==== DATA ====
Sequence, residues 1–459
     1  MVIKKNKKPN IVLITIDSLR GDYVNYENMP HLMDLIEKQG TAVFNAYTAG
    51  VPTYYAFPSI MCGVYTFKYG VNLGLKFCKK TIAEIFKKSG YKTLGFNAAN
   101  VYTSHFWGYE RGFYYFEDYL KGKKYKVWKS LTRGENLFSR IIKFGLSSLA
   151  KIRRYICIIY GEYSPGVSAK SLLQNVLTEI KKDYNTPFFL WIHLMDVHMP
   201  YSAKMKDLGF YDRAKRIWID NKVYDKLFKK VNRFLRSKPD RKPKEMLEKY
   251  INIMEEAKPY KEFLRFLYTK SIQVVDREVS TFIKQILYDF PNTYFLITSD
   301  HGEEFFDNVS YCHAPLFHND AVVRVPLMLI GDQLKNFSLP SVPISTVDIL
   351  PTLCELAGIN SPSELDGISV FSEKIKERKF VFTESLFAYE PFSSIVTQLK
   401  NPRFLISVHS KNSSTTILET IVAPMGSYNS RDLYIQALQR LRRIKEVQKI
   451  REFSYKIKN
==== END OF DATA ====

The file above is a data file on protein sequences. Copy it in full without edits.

Sequence, residues 1–459
     1  MVIKKNKKPN IVLITIDSLR GDYVNYENMP HLMDLIEKQG TAVFNAYTAG
    51  VPTYYAFPSI MCGVYTFKYG VNLGLKFCKK TIAEIFKKSG YKTLGFNAAN
   101  VYTSHFWGYE RGFYYFEDYL KGKKYKVWKS LTRGENLFSR IIKFGLSSLA
   151  KIRRYICIIY GEYSPGVSAK SLLQNVLTEI KKDYNTPFFL WIHLMDVHMP
   201  YSAKMKDLGF YDRAKRIWID NKVYDKLFKK VNRFLRSKPD RKPKEMLEKY
   251  INIMEEAKPY KEFLRFLYTK SIQVVDREVS TFIKQILYDF PNTYFLITSD
   301  HGEEFFDNVS YCHAPLFHND AVVRVPLMLI GDQLKNFSLP SVPISTVDIL
   351  PTLCELAGIN SPSELDGISV FSEKIKERKF VFTESLFAYE PFSSIVTQLK
   401  NPRFLISVHS KNSSTTILET IVAPMGSYNS RDLYIQALQR LRRIKEVQKI
   451  REFSYKIKN